This is why it is so crucial that companies evolve and consistently revolutionise their market otherwise unexpected crashes can occur, and it is true. Nobody expected MySpace to go down and two years ago, people would have found it hard to believe that Facebook would experience such a rapid decline but this is the reality. Evolution is crucial, but some industries are bullet proof in the sense that humans will always have certain requirements.
‘The events industry has an incredible future because people will always need to communicate. Companies will always need to deliver a message to their consumers whether it is at an award ceremony or a product launch. The events industry will never fail. We are social beasts and this is why the entertainment industry will always remain consistent.’
This is true. People will always need to socialise and this is why networking events and social events will always remain consistent – because they fill a constant need that will never go away. We are social beings. Industries that have dipped can blame new technology and new solutions to the problems they use to solve.
So taking all of these great points in to consideration, what are Zak’s visions and dreams for the future of SE1 and how will he achieve them?
‘We want to continue to stand by our moral ethics and business integrity whilst building a bigger, stronger and aggressive business whilst always remembering why we have been a success in the first place, and when this happens, I’ll be a very happy man.’
But can you blame him? Hard work and the importance of business strategy is what gets us there. Creating some core values, sticking by them, and offering a solution to a problem is what companies need in order to succeed. Identifying key business practices and evolving over time is how we can make it. And this is what counts more than anything else.
Nowadays, industries across the globe are struggling to keep their heads above water in this tough economic climate, but it’s not all doom and gloom. The events industry is one of a minority of industries that have not only survived, but instead is booming. But why is this happening? The world is becoming a more sociable place. Many people love attending events; especially young professionals in cities as they often have the disposable income to do so.
It doesn’t take a genius to work out that for an industry to stay fresh, people need to stay innovative and on trend. Welcome social media. There’s far more to social media than sharing cat videos to your network. Social media has developed leaps and bounds. It has far exceeded its’ initial aim of connecting friends and family as now businesses are taking it on board and if they are not then they should be!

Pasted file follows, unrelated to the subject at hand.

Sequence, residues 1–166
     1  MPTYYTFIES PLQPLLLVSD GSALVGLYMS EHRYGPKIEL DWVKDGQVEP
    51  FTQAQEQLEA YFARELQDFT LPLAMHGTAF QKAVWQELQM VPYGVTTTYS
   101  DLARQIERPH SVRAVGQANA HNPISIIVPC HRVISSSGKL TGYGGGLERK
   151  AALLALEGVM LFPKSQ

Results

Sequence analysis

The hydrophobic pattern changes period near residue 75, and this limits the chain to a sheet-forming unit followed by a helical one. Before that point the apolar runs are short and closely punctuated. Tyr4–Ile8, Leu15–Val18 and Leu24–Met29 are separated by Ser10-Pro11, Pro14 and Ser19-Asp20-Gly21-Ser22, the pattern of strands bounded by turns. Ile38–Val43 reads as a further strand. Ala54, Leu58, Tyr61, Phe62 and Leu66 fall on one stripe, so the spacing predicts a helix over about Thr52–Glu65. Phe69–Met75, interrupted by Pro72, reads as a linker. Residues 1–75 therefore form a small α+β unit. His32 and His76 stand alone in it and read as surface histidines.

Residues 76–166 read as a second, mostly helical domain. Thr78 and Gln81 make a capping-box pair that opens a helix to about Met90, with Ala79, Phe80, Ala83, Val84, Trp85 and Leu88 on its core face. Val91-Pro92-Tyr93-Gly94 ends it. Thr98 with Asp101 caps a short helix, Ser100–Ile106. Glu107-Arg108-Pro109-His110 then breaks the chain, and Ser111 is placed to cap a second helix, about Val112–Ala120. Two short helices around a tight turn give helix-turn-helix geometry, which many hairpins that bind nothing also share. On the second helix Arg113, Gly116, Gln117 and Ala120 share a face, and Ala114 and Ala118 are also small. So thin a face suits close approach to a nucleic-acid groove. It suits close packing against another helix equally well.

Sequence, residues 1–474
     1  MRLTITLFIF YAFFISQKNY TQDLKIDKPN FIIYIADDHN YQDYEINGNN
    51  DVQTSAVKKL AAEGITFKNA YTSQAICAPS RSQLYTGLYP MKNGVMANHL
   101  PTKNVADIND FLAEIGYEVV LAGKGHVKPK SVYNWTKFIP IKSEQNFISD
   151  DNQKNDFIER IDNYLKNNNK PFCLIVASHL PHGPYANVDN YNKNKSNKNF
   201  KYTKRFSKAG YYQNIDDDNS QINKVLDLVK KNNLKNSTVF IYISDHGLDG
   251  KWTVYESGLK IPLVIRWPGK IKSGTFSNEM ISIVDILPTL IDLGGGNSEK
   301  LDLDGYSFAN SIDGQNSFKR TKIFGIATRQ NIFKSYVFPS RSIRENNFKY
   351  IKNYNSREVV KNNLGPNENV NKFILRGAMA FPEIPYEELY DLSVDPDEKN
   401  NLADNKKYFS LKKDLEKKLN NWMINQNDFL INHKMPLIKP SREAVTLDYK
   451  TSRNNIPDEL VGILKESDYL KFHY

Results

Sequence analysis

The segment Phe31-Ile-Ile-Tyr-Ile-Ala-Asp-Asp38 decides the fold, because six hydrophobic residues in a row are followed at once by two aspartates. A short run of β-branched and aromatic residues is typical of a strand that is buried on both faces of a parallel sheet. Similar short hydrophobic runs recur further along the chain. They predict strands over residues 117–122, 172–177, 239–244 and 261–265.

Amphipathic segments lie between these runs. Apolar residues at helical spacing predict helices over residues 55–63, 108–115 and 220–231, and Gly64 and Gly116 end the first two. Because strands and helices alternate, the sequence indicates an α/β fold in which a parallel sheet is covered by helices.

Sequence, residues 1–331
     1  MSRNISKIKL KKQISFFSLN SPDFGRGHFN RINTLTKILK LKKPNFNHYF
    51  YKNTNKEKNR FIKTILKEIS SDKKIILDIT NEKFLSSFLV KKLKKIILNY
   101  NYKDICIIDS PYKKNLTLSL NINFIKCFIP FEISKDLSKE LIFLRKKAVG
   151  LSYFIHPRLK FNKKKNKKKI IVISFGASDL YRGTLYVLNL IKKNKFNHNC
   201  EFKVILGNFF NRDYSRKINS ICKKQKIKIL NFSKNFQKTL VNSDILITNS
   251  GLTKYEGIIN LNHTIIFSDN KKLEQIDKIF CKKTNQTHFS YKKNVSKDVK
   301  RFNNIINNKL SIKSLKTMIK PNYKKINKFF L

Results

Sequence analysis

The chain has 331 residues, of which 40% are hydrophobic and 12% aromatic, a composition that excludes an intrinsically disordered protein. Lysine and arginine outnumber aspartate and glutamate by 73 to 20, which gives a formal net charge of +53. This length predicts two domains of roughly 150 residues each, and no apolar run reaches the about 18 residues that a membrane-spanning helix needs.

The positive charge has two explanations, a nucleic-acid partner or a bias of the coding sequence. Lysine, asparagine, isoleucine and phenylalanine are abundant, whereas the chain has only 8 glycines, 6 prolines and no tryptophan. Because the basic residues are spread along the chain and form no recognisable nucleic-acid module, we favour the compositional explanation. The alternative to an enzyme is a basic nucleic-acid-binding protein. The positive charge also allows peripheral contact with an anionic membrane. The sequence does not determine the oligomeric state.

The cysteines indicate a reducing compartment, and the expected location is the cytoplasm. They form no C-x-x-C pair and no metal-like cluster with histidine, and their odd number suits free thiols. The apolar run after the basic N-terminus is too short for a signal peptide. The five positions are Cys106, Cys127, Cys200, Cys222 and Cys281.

The cost/benefit analysis is ridiculous. It needs to be utilised! The events industry is naturally one of the most sociable industries therefore, what better way to capitalise this than social media. As social media has been growing exponentially (much like the events industry), more and more companies have subscribed. It goes far beyond Facebook and Twitter these days…
Each outlet naturally offers its own advantages and disadvantages. Whether it’s the arty style of Pinterest/Instagram or the more serious LinkedIn; a mixture of various social media platforms tends to be the key. In my opinion, Facebook and Twitter should be at the absolute forefront of your social media strategy, but why?
A lot depends on the age range of your target audience. There seems to be an upward trend in younger people leaving (or not joining Facebook) with the replacement of elderly people instead. The key point is that social media is constantly changing and it will continue to do so.
How Social Media Can Be Used To Promote Your Events:
Step 1: Facebook – Create a Facebook event and invite relevant target audience members. If it’s a big event, keep the event as public so that other members can see this. Encourage attendees to share the event page and what you have is free, effortless advertising for your events company.
Step 2: Twitter – Tweet links to the event. Twitter comes into its own a lot more here, as your tweet can reach large numbers of people; especially with effective hash-tagging. You could also be specific and use the search options on Twitter. For example, if you’re running a high-key event in Kensington then search ‘Kensington Nightlife’ and see what comes up. You can always comment on tweets linking the two, or follow relevant people who come up. This is great as it is targeted marketing which is quality over quantity.